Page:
Rutherford's experiment and conclusions.
Ernest Rutherford was a New Zealand-born British physicist who was able to shed light on the important features of an atom through his gold foil experiment. In his experiment Rutherford bombarded a very thin sheet of gold foil with alpha particles. Let's make a note here that alpha particles are positively charged.
Rutherford observed two things. First, most of the alpha particles were able to pass through the sheet. Second, some alpha particles were deflected back. What did these observations signify? The fact that most alpha particles went through signified that most of the atom is empty space. The observation that some particles deflected signified that they encountered something dense on the their path. What they encountered was the nucleus. Therefore, nucleus is very small and dense, and contains most of the mass of an atom. Since alpha particles are positively charged, he concluded that nucleus was positively charged as well, because they deflected back (opposite charges repel).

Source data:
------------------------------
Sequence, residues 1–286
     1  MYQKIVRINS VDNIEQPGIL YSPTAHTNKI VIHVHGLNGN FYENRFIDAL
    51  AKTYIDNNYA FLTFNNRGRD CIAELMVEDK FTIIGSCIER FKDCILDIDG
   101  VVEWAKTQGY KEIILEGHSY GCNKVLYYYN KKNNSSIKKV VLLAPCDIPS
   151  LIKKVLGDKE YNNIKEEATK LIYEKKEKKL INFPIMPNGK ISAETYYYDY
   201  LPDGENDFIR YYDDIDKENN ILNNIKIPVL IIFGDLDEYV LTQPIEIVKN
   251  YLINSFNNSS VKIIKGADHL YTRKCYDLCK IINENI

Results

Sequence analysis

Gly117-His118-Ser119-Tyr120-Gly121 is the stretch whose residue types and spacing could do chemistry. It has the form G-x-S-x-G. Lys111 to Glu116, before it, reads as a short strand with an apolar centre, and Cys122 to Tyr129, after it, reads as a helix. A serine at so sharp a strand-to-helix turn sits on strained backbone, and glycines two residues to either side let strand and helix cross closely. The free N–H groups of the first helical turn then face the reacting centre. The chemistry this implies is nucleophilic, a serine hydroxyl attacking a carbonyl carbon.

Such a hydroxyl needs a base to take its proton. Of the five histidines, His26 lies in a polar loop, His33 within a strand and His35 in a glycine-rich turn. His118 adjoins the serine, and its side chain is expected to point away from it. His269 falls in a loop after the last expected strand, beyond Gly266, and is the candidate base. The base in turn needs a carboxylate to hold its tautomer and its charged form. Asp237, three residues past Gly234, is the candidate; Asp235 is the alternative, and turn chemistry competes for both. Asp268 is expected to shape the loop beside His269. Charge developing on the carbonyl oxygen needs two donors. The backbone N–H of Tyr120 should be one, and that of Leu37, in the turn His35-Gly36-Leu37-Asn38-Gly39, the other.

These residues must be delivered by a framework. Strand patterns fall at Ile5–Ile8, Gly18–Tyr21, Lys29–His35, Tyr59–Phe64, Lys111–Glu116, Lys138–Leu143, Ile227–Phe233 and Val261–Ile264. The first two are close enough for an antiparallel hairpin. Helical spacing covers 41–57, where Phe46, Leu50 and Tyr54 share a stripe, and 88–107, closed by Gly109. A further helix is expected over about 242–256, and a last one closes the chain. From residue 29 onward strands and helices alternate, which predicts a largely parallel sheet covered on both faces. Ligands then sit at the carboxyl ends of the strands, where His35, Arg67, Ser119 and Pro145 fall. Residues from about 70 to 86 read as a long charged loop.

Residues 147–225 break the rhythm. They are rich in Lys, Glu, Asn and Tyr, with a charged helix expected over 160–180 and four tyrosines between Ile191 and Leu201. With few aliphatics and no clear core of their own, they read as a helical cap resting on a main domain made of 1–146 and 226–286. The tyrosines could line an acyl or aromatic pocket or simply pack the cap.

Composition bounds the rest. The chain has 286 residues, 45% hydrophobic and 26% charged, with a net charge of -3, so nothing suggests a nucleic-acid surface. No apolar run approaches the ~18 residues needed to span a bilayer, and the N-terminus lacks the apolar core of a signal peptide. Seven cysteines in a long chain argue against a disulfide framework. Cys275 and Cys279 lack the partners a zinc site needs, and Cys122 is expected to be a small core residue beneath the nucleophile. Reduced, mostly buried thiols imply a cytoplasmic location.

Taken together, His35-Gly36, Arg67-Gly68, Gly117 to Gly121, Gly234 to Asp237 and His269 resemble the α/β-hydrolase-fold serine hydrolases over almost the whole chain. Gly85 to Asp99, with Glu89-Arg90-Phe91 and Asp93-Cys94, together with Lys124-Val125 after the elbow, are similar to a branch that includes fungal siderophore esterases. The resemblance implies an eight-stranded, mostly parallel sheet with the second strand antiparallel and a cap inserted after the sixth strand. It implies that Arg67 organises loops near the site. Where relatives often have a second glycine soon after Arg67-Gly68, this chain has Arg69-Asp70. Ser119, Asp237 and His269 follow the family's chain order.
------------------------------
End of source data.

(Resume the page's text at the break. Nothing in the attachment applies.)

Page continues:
Rutherford's experiment and conclusions gave great insight into the structure of an atom. This was perhaps the most prominent of Rutherford's experiments but not the only one. He came up with alpha and beta naming for different kind of radiation, as well as being able to induce a nuclear reaction from a stable element.
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